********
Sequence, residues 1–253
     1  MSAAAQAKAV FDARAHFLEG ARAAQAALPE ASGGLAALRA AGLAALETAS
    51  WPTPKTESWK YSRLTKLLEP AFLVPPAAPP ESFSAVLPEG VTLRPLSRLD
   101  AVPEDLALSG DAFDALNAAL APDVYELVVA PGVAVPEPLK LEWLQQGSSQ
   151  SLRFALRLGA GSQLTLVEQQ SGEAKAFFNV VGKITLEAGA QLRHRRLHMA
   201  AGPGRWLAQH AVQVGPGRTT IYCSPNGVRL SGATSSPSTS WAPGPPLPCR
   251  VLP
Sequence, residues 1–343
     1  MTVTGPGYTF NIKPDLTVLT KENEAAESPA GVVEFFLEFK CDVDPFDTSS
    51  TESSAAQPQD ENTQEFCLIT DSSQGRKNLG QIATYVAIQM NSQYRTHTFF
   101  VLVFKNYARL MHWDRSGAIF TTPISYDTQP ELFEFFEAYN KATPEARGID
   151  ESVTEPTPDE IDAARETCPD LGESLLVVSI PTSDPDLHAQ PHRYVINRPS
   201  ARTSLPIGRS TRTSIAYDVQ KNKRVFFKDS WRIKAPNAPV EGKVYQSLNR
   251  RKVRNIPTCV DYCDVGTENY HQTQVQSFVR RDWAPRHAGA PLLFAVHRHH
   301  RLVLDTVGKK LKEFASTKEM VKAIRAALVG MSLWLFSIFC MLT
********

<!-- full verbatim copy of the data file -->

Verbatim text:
Sequence, residues 1–253
     1  MSAAAQAKAV FDARAHFLEG ARAAQAALPE ASGGLAALRA AGLAALETAS
    51  WPTPKTESWK YSRLTKLLEP AFLVPPAAPP ESFSAVLPEG VTLRPLSRLD
   101  AVPEDLALSG DAFDALNAAL APDVYELVVA PGVAVPEPLK LEWLQQGSSQ
   151  SLRFALRLGA GSQLTLVEQQ SGEAKAFFNV VGKITLEAGA QLRHRRLHMA
   201  AGPGRWLAQH AVQVGPGRTT IYCSPNGVRL SGATSSPSTS WAPGPPLPCR
   251  VLP
Sequence, residues 1–343
     1  MTVTGPGYTF NIKPDLTVLT KENEAAESPA GVVEFFLEFK CDVDPFDTSS
    51  TESSAAQPQD ENTQEFCLIT DSSQGRKNLG QIATYVAIQM NSQYRTHTFF
   101  VLVFKNYARL MHWDRSGAIF TTPISYDTQP ELFEFFEAYN KATPEARGID
   151  ESVTEPTPDE IDAARETCPD LGESLLVVSI PTSDPDLHAQ PHRYVINRPS
   201  ARTSLPIGRS TRTSIAYDVQ KNKRVFFKDS WRIKAPNAPV EGKVYQSLNR
   251  RKVRNIPTCV DYCDVGTENY HQTQVQSFVR RDWAPRHAGA PLLFAVHRHH
   301  RLVLDTVGKK LKEFASTKEM VKAIRAALVG MSLWLFSIFC MLT